Category Archives: Academic Writing II

AW2: Week 7, November 15th, 2019

Homework

  1. Re-write draft #2. Save as “AW2 Essay4 Draft3 Lastname”. Email it to me (subject line should be the same) by next Friday. I will email those students whom I did not get a chance to speak to in class today (Nov. 15th).
    1. Print out and bring your draft #3 to the next class.
  2. If you have not yet done so, please read the essay by Bastiat entitled “The Broken Window Fallacy” 
  3. I suggest you read the Japanese explanation first, then the English. Here’s a link to the Japanese one (Wikipedia).
    1. We will discuss this essay in class next week (Nov. 22nd).
  4. Watch these videos about citations:
    1. Video 1 is here: http://bit.ly/2BvWN6d
    2. Video 2 is here: http://bit.ly/2BliTpw 
    3. Video 3 is here: http://bit.ly/aw2citationsjpns 
  5. Read section 3 below on citations and references.

Today’s class

  1. The difference between “uninterested” and “disinterested”. Small differences but important. Academic writers and students (that means you!) are interested in such small differences and understand their importance.
  2. Rights: positive and negative. Group discussions and individual answers in writing.
    1. Right to life (negative)
      1. Who has the right to life?
      2. Where does life come from?
      3. What does “right to life” mean?
      4. Why is the right to life a human right?
    2. Right to an education (positive)
      1. Who has the right to an education?
      2. Where does education come from?
      3. What does “right to an education” mean?
      4. Why is it considered (by many but not by all) as a human right? (see Article 16 of the Universal Declaration of Human Rights; but not everyone agrees it is a right: for example, French lawyer Bastiat wrote, “

        The most urgent necessity is, not that the State should teach, but that it should allow education. All [legal] monopolies are detestable, but the worst of all is the monopoly of education.

        — By. Frédéric Bastiat

    3. Citations and references. At KPU, Academic Writing students are supposed to use the MLA style. There are two parts to citations:
      1. the in-text citations which are in the main body of your essay, and
      2. the “Works Cited” section which comes after your conclusion at the end of your essay.
      3. Every work cited, that means every website, newspaper and magazine or journal article or book that you use in your essay should be referred to both in the body of your essay and listed in the “Works Cited” section at the end of your essay. The list should be in alphabetical order of authors’ names.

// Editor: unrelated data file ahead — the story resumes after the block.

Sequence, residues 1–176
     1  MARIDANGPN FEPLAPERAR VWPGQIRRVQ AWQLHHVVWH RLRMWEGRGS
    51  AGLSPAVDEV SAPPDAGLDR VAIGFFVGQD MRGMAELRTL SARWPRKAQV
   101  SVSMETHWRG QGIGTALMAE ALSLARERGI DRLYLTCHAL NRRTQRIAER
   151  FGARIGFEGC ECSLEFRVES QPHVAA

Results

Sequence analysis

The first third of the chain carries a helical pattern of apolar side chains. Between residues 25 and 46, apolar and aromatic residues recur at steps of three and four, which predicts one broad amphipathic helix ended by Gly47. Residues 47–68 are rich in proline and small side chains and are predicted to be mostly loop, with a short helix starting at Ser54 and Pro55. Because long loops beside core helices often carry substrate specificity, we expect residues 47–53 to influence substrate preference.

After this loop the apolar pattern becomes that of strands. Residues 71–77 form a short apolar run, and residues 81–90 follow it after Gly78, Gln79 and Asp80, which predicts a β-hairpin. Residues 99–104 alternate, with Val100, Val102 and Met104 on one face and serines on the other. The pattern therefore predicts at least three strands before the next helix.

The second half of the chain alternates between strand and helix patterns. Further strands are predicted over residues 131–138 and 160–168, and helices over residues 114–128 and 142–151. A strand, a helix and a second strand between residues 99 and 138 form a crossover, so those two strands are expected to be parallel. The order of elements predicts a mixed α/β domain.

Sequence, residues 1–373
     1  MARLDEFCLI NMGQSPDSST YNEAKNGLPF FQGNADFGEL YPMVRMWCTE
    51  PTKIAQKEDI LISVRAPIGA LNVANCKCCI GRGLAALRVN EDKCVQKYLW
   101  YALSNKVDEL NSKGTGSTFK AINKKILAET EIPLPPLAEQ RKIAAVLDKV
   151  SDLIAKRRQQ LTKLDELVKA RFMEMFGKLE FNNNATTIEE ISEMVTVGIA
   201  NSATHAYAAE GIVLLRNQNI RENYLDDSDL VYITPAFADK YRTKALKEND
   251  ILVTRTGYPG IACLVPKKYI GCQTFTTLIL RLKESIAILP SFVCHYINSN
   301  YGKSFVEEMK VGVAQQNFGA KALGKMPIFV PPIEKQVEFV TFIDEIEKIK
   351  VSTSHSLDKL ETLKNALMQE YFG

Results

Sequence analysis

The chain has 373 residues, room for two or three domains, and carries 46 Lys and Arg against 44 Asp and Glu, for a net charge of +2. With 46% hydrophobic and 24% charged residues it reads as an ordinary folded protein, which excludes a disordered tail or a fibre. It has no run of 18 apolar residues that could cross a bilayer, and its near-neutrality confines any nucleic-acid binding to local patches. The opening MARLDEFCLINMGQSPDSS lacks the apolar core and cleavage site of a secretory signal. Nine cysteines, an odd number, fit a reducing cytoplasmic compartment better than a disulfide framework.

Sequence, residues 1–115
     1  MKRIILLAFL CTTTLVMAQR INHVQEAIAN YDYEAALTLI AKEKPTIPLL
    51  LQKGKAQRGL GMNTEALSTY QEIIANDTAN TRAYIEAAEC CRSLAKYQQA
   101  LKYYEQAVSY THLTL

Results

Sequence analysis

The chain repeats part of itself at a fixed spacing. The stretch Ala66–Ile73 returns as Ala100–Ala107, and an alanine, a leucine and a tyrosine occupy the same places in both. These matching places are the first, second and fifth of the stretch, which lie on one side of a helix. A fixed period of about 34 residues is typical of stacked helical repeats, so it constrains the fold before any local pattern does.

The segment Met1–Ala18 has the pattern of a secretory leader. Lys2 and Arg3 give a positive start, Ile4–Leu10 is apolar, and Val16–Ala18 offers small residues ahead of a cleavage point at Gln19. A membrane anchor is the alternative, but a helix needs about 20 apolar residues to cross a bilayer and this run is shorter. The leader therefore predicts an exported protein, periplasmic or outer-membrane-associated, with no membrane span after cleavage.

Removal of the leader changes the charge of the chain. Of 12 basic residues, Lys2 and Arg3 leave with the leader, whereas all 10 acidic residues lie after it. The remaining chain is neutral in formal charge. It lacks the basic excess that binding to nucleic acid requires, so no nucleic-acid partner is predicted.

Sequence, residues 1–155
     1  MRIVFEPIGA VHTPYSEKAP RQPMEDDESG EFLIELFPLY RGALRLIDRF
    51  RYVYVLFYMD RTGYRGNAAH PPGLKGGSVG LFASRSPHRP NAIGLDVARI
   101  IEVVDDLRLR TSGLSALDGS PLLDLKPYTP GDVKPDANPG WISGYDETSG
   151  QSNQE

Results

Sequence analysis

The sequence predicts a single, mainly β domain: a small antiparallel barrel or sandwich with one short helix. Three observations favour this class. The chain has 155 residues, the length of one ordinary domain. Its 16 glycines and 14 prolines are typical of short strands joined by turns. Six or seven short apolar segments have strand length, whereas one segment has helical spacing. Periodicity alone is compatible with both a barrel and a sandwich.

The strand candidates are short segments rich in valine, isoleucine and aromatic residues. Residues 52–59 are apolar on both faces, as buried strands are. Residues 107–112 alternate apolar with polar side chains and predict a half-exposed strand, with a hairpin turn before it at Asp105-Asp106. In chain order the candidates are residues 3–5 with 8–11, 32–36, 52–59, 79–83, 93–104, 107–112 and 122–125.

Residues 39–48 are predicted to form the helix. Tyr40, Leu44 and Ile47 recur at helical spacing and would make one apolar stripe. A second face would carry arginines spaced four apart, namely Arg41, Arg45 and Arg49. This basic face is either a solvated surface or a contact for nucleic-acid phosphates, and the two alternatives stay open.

4. Why should you include citations in your academic essay?
        1. You need to show that you have done some reading about your topic. 
        2. You need to support the points that you are making, i.e. you must give evidence to support your claims.
          1. You must show where you got your information from – not just “the Internet”,
          2. you must give enough information for your reader to find the same article or website or book that you found:
            1. the title of the article or website or book;
            2. the author;
            3. the publisher (Wikipedia is a publisher, for example);
            4. the date of the article, web page or book;
            5. the URL if it’s a website or web page;
            6. the date you accessed it (if it’s a website or web page).
      5. 2 videos (in English) on how to write citations and a bibliography:
          1. Video 1 is here: http://bit.ly/2BvWN6d
          2. Video 2 is here: http://bit.ly/2BliTpw 
            1. This screenshot from video 2 shows the relationship between the in-text citation and the Works Cited (or References) section (click on the picture below to see a bigger one): screenshot
          3. The examples in the video do not use the MLA style but you should.
            1. Overall guide: http://bit.ly/OWL_MLA4aw2  
            2. MLA in-text citations: http://bit.ly/OWLMLAin-text
            3. MLA Works Cited page basic format: http://bit.ly/MLA4awworkscited
          4. And here is a video in Japanese on how to make citations and a Works Cited page using Microsoft Word. The style used in this video is the APA style (see 1:30 in the video; click the picture below to see a bigger one) but you should choose “MLA” from the drop-down list instead of APA. Screenshot

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AW2: Week 6, November 8th, 2019

Announcement

  • Makeup class to replace Nov. 1st’s cancelled class will be held on Saturday Dec. 14th. Check the noticeboard for the time and place.
  • For those who cannot attend, I will prepare some assignments and post them on this blog.

Homework

Today’s class

  • In groups of 4-5, exchange your draft #2, read and comment.